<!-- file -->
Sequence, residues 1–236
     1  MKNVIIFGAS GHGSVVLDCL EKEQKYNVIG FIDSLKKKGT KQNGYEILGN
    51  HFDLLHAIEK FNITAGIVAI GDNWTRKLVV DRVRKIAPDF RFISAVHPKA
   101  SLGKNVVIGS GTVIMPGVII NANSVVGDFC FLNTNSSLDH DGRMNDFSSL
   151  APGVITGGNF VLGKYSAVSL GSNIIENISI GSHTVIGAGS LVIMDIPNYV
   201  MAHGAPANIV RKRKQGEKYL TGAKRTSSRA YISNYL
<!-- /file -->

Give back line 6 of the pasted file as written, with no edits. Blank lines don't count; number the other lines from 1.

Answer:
   201  MAHGAPANIV RKRKQGEKYL TGAKRTSSRA YISNYL